A long-awaited fix to Mountain View's popular Stevens Creek Trail is finally on the horizon, with construction slated to begin this summer on an eroding, weather-beaten portion of the trail that has been out of commission for more than a year.
And while the Santa Clara Valley Water District is in charge of designing and managing repair work on the creek bank and re-establishing the trail, the city of Mountain View will be on the hook for costs related to the trail itself. City Council members voted unanimously Tuesday night to pitch in $595,000 in construction costs.
Troubles on the problematic trail segment between El Camino Real and Yuba Drive span back to January 2017, when a major storm system and a specific weather event that water district staff refer to as the "President's Day storm" caused severe erosion that rendered the trail dangerous and unusable. Erosion unexpectedly worsened during the summer months, and by August a portion of the paved trail had collapsed, threatening nearby private property.
The city, in the interim, has guided thousands of bicyclists and pedestrians who rely on the trail daily as a commute path and recreational space onto a newly-constructed detour through adjacent private property, but even that temporary solution has been fraught with problems. It debuted in June 2017, only to be shut down two months later for emergency repairs to the creek bank. The detour was reopened in November but now faces closure again for the final, permanent fix later this year, pushing bicyclists and pedestrians onto surface streets.
The water district's construction plans call for repairing and rebuilding the creek embankment previously shored up during emergency repair work last year, as well as building and realigning the now-missing portion of the bike and pedestrian trail. The contract was awarded to PMK Contractors, LLC for just over $1.1 million, and water district officials are hoping to defray most of those costs through grants provided by the Federal Emergency Management Agency (FEMA) and the California Governor's Office of Emergency Services (OES). Staff from both agencies visited the trail to inspect the damage in August 2017.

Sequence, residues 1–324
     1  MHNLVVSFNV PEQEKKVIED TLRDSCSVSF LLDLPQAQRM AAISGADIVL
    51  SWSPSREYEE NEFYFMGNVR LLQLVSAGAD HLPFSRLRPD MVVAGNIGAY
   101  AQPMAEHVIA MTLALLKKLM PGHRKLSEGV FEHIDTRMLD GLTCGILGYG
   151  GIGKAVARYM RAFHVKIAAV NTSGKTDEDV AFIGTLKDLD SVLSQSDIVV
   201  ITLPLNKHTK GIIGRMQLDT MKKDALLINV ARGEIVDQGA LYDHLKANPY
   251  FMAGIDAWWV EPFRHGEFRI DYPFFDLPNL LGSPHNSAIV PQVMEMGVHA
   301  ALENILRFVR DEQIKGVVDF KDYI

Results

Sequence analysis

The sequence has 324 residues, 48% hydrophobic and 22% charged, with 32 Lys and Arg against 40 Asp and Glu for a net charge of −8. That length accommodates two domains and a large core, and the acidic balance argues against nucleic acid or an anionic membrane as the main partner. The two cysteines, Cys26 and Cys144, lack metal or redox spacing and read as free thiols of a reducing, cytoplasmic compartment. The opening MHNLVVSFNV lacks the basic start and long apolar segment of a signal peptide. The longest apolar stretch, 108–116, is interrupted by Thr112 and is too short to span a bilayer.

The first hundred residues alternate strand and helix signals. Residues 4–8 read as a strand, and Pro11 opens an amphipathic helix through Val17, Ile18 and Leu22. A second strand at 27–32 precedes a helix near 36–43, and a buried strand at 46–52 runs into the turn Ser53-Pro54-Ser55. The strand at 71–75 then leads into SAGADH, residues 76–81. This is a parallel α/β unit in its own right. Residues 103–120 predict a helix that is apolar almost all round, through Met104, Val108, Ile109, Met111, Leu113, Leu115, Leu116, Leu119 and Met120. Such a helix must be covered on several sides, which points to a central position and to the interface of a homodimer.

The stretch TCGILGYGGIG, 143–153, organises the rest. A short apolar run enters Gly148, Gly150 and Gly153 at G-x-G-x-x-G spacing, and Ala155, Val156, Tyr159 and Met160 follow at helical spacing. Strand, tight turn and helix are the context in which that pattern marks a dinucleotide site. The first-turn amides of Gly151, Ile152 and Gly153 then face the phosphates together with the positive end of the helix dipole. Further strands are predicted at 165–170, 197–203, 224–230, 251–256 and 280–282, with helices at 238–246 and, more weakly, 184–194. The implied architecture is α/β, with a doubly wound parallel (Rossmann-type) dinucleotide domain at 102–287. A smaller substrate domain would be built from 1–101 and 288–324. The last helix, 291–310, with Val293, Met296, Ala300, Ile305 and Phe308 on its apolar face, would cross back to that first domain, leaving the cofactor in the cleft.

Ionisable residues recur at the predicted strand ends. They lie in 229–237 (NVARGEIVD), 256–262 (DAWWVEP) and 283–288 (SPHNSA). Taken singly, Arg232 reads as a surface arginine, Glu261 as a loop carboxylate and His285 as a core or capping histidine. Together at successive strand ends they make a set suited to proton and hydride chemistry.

The city of Mountain View, which pays specifically for trail-related costs, is expected to foot $595,000 of the bill, of which $177,000 will go toward paying for the emergency shoring work along the creek bank last year. The city is also pursuing FEMA grants for repair work last year as well as the upcoming construction, and is eligible to receive up to $239,000 in reimbursement.
Stevens Creek Trail has grown in popularity over the years as an important commuter corridor as well as a recreational path through the city, shifting from a tree-filled winding trail in the south to an open bayside path further north. Trail counts from 2015 show that more than 2,000 bicyclists and pedestrians used the trail during morning commute hours, and it was dubbed an "extremely important" resource by Google officials who urged the water district to move fast on creek trail repairs last year.
Once construction begins, bicyclists and pedestrians will lose access to the temporary detour and will need to travel along El Camino Real and Yuba Drive in order to accommodate construction access. Although specific dates are not available, construction is expect to begin this summer and will finish by the end of the year.